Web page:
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  1. Good Science Digest

  2. Jun 9, 2023

New Health Research Agency to Employ Nonanimal Strategies

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The newly established Advanced Research Projects Agency for Health (ARPA-H) is setting out to accelerate better health outcomes for everyone, and it’s aiming to do so with the help of nonanimal research approaches.

The goals of ARPA-H are similar to the National Institutes of Health (NIH), but the practical work of the agency looks radically different. ARPA-H advances high-potential, high-impact health research that cannot be accomplished through typical NIH funding structures. Breaking from the research status quo is central to the agency’s mission. This transformative approach has the potential to totally change the way we conceive of and conduct medical research.

It is clear that other animal species poorly predict human clinical responses. Nonanimal research approaches, like tissue chips and organoids, improve the relevancy of research to clinical contexts while also reducing spending on costly animal experiments, and aiding in efforts to reduce and replace the use of animals in research.

In May, ARPA-H released a request for information, seeking input from stakeholders on how to accelerate innovation through a collaboration between ARPA-H and the Food and Drug Administration (FDA). Notably, the request specifically sought strategies to accelerate nonanimal research for medical product development. The collaboration of two major federal agencies to advance nonanimal research and testing strategies represents significant progress in the shift away from animal experiments.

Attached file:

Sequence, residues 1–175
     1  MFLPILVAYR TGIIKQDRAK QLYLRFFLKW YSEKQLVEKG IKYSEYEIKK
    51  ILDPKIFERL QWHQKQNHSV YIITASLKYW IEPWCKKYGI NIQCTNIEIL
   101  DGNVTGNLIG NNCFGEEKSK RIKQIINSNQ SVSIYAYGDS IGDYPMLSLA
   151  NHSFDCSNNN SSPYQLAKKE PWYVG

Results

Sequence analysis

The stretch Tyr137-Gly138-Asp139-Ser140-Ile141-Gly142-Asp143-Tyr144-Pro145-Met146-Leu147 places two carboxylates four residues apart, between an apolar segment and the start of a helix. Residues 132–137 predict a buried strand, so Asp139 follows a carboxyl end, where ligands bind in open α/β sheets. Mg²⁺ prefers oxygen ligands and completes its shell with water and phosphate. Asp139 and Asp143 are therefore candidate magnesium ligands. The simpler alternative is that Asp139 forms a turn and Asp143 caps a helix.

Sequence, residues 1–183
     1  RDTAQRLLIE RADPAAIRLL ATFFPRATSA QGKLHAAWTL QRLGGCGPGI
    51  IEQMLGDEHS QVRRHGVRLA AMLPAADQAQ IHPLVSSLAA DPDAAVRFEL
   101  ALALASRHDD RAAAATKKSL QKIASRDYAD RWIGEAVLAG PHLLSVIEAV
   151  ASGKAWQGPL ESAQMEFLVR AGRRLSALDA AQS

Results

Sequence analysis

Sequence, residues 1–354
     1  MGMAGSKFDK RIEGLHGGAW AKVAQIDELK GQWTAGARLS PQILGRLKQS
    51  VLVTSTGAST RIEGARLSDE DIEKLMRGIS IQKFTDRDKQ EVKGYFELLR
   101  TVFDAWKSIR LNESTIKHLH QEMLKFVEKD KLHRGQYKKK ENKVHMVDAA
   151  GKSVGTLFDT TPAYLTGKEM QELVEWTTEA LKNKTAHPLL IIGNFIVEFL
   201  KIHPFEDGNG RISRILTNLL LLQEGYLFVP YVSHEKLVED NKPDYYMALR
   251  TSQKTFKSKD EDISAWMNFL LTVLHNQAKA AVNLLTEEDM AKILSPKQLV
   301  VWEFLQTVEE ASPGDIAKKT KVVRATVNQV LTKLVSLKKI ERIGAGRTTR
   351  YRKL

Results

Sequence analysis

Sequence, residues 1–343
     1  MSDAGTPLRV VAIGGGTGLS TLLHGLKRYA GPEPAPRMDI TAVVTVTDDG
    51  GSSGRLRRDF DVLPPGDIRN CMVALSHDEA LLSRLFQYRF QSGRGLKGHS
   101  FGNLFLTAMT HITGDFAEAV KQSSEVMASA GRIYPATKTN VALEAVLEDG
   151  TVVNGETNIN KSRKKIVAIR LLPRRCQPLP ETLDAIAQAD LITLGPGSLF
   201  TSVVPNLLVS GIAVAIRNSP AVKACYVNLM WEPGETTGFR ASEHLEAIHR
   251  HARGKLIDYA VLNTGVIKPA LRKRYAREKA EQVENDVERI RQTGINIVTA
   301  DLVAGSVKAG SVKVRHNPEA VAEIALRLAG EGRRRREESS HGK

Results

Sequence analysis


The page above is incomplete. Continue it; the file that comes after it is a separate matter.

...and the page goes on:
Because accelerating human-specific nonanimal research and testing is core to the Physicians Committee’s mission and an area of expertise, our team provided ARPA-H and the FDA with important recommendations, including that these agencies lead in the widespread development and use of 3D human cell-derived experimental platforms capable of modeling every tissue and every disease. Applying human disease models will help move promising therapeutic products through the drug development pipeline more quickly and efficiently, without compromising safety—a stated goal of ARPA-H.

While the ARPA-H and FDA collaboration on accelerating nonanimal research is a necessary step forward, updates to the FDA’s policies are also necessary to reduce barriers to innovation. Despite the FDA’s authorization to accept nonanimal-based tests, practical issues remain with some of the FDA’s written policies. Many FDA regulations and guidance require or favor animal-based testing. Policy updates are needed to help ensure that drug developers can confidently use safer and more effective nonanimal-based test approaches.

The Physicians Committee continues to work with federal agencies, the research community, and the biotechnology and pharmaceutical industries, on practical solutions to progress science away from the use of animals. Momentum for change is stronger than ever.

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